#FeesMustFall students drop court bid against NMMU

The #FeesMustFall movement at NMMU and several student activists, who lodged an urgent application in the Grahamstown High Court to force the university to provide them with the means to complete the academic year, threw in the towel yesterday and withdrew their application.

They have also agreed to pay the university’s legal costs.

Judge Murray Lowe had arranged an especially early sitting of the court this morning to accommodate the urgent matter.

But NMMU’s correspondent attorney in Grahamstown, Owen Huxtable, confirmed that the matter had been withdrawn.

“FMF [#FeesMustFall] and the other applicants have withdrawn the application and tendered NMMU’s costs,” he said.

#FeesMustFall and the student activists, who participated in protests which shut down the university for a prolonged period, claimed in court papers that the e-learning introduced by the university last month disadvantaged students who lacked internet and computer access.

NMMU instituted the e-learning as one component of its academic recovery plan in a final bid to complete the academic year after the shutdown.

The group claimed e-learning effectively excluded them and was an immediate and direct threat to their academic wellbeing and that of all the others who could not access it through no fault of their own.

They wanted the court to order the institution to come up with alternative learning methods to help them complete the year or to provide them with proper means to meet the requirements.

This included free food and accommodation for the coming months and access to all necessary equipment and counselling.

Acting NMMU vice-chancellor Dr Sibongile Muthwa dismissed their application as a cynical attempt to prevent the university from completing the academic year.

She said the protesters were the authors of their own misfortune who had, through their unlawful activities, created the dire circumstances that had necessitated the adoption and implementation of the academic recovery plan in the first place.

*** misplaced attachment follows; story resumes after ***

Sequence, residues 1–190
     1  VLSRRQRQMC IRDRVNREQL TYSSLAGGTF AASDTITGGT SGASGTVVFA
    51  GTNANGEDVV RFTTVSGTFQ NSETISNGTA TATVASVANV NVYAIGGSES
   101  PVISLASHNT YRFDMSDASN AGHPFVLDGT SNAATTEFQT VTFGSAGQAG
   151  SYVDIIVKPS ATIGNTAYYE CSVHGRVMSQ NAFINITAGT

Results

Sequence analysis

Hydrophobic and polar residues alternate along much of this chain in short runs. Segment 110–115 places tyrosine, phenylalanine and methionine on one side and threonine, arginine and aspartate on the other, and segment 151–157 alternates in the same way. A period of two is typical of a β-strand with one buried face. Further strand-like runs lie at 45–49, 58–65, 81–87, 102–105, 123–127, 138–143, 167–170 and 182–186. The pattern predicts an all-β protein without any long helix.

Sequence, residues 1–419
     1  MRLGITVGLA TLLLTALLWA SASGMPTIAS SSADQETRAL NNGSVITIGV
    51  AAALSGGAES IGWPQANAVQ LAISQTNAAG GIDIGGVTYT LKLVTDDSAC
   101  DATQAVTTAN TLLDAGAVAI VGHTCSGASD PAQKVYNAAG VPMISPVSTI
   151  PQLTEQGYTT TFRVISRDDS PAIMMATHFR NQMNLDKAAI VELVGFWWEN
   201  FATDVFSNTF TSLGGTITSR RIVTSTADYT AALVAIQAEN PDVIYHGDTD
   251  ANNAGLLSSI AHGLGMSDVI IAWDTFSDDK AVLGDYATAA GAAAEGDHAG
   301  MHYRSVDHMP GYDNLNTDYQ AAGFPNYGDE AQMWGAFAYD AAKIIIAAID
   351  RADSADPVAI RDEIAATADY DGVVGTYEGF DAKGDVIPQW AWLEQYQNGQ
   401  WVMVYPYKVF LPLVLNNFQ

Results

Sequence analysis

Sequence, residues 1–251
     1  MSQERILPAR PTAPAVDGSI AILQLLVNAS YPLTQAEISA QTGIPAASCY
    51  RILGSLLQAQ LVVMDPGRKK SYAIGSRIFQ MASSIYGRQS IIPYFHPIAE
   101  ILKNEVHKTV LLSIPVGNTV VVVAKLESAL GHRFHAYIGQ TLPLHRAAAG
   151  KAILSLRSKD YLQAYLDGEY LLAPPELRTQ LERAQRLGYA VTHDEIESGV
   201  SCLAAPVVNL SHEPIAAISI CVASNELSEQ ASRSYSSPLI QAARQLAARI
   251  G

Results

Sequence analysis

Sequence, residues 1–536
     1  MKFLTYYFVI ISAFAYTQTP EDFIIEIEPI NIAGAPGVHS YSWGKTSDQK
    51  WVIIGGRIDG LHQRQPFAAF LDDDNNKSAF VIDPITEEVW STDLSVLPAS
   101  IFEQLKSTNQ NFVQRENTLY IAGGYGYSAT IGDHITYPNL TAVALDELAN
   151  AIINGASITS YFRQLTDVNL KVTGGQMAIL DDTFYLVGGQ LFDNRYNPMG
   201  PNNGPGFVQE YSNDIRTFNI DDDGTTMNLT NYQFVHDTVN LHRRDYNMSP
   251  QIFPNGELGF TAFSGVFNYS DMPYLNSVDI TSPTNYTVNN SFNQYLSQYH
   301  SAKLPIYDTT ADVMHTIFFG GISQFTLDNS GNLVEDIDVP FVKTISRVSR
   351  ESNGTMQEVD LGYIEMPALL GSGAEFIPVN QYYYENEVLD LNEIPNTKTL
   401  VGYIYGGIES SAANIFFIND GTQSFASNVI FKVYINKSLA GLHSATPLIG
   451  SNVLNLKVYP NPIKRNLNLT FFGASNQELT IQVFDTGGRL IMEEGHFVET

In her affidavit, she set out in detail the extraordinary measures introduced by the university to help its 27 000 students complete the year after the fee-protest disruptions.

They included a multi-layered tuition programme, moving lecturing and test facilities off campus, substitution of scheduled tests with continuous assessment programmes, extensive security and student support, and shifting exam dates to allow students to write next month and in January.

It had expanded its active online e-learning sites and increased access to computers and connectivity for students.

The students’ attorney, Asanda Mgangatho, was not available for comment yesterday.

While it was not immediately clear why the students withdrew their application, Muthwa had pointed out that the application was fatally flawed as #FeesMustFall was not a legal entity capable of suing or being sued.

She had also pointed out that the recovery programme would, in any event, largely be completed in all material respects by tomorrow and exams would commence next week.

NMMU spokeswoman Zandile Mbabela said the university welcomed the withdrawal of the application.

“The withdrawal effectively supports the university’s view that the application was ill-conceived and that [it] has done all it could to ensure that all its students, irrespective of economic standpoint, have an opportunity to complete the academic year if they so choose,” she said.

Several #FeesMustFall NMMU members refused to comment.

Lizo Jim said: “Every time we give The Herald facts you turn them into a lie. We don’t have the interest to speak to you. That is what we have decided in our meeting.”

Despite the #FeesMustFall NMMU movement making reference in the court papers to the fact that they wanted NMMU to provide them with food vouchers and accommodation, Jim said: “You [said] we are going to ask for food. You write such silly stories about us.” – Additional reporting Siyamtanda Capa

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